A new study taken from two leadership consultants shows that European executives are more productive than American executives because they take more vacations per year.
The study came about after Jack Zenger and Joseph Folkman, the founding executives of leadership development consultancy Zenger/Folkman, were having trouble coordinating a summer meeting with an Amsterdam-based company due to the fact that all of their important executives were constantly on vacation.
They wanted to know how any company could operate effectively with numerous executives on paid leave. They asked the Amsterdam-based company’s’ VP of human resources how their business was able to operate so fluently. He responded:
“I am confident that because of the rest and break from work that our European executives get more accomplished in their working days than those in the U.S. who burn themselves out.”
The two took the advice with a grain of salt, but they were also curious to see if he was on to something. Do executives actually work more efficiently when they have more time off for vacation each year?
Zenger and Folkman decided that they would conduct a study focusing on two groups, a control group — U.S. executives — and a test group — European executives.
The data was taken from a group of 2,310 respondents from 20 different countries with the most paid vacation days per year. Australia allotted an average of 28 paid vacation days a year per employee, while Sweden and Brazil allotted 41 days a year; the United States allotted an average of 10 paid vacation days a year.
The study was designed to gauge how different amounts of vacation times might affect attitudes toward productivity. Zenger and Folkman required the different groups of respondents to complete an assessment that determined whether they preferred working at a fast pace or a slow pace. Zenger and Folkman were testing for three differences in the group: speed, focus quality and impatience.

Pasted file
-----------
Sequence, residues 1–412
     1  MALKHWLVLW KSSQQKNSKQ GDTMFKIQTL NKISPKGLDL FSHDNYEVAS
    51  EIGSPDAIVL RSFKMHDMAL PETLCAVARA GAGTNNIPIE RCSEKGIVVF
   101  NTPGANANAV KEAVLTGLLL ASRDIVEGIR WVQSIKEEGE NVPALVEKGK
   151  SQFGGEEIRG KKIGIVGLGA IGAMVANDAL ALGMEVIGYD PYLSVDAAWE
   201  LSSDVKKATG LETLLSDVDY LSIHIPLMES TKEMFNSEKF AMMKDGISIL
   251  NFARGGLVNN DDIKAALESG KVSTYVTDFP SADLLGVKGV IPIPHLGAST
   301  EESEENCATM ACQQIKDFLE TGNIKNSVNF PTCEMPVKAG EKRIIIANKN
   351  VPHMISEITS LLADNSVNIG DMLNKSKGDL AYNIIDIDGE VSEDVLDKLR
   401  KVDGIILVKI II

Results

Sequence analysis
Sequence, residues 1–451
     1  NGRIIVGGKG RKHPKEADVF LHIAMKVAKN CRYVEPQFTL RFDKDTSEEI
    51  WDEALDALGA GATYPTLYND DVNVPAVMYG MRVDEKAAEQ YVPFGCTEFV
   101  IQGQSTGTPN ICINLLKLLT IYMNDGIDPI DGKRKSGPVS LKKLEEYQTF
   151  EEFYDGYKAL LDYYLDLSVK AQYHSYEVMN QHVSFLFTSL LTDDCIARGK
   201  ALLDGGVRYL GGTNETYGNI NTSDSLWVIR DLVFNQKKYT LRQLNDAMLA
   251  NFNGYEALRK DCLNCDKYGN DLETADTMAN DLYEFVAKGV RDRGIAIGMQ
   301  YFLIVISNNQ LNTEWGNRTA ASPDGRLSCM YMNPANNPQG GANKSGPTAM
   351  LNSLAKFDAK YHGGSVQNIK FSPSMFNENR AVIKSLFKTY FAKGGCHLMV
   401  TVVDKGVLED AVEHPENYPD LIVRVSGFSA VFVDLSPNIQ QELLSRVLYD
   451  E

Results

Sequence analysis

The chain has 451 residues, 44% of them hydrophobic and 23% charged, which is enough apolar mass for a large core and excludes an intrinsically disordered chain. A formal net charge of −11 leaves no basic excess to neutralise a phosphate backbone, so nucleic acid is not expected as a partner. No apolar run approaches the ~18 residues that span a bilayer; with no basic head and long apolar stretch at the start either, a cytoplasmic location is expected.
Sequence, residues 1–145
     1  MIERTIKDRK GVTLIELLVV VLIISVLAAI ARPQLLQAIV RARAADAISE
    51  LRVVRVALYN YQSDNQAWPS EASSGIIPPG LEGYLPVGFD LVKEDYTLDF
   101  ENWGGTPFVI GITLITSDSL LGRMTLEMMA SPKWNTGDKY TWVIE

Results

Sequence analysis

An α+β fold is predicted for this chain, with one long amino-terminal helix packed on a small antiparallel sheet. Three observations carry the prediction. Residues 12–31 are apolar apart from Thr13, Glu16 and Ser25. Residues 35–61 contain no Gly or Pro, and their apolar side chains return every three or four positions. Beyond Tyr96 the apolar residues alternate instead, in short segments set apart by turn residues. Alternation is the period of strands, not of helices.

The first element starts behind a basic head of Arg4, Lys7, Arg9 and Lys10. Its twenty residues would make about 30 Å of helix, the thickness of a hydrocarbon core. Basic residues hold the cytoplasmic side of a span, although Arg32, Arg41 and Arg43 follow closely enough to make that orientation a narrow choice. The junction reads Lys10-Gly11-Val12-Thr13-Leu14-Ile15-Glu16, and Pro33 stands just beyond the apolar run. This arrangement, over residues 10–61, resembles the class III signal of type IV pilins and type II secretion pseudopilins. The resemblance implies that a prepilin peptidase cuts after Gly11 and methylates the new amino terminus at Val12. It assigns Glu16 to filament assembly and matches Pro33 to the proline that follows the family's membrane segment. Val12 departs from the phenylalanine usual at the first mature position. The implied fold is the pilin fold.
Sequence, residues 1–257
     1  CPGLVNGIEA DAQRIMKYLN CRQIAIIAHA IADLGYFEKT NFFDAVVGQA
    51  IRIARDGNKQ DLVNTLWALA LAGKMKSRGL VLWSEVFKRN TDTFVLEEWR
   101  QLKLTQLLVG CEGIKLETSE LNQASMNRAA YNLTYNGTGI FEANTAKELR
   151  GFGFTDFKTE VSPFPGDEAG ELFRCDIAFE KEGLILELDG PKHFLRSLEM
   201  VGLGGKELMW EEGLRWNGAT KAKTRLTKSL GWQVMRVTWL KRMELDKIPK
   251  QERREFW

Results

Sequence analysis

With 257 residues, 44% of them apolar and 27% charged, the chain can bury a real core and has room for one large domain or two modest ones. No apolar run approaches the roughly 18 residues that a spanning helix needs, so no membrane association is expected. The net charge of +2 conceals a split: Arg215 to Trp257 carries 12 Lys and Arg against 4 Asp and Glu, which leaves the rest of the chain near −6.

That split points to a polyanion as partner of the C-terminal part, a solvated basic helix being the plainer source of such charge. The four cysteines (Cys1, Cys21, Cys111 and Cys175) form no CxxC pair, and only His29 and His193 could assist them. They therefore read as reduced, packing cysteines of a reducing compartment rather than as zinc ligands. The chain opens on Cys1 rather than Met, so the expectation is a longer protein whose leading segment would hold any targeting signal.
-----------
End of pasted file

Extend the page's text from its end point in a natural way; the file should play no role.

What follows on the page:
The results that came back from the assessment were interesting. The two businessmen found out that leaders in countries with more paid vacation tested higher in all three categories.
When the duo asked the groups if they felt “overwhelmed with too much to do” or whether they “had things under control,” the European group was more likely to answer in the affirmative than the U.S. group. While the European executive group worked faster, focused longer, and had more impatience for non-work related issues, they also seemed to be more stressed.
Zenger and Folkman wrote in Harvard Business Review:
“Taken together, these results should reassure managers who worry about the possible deleterious effects of longer vacations. In fact, having more vacation time seems to help employees better understand the importance of being impatient for results and getting as much done as possible.
“ […] It appears from this data that employees in countries that take more vacation do have a strong desire to get a lot done as well as a tendency to move faster. So while our particular study did not find that having more vacation reduced stress, we do see evidence that it results in greater productivity at work all the same. In other words, it’s not that taking a break will refresh your brain and let you get more done; it’s that simply spending less time at your desk forces you to waste less time.”
So the results were clear: having more time off for vacation creates a better understanding of the importance of working at faster speeds, fosters higher degrees of focus at work, and increases impatience with non-work-related issues — all because there is, ironically, less time to work.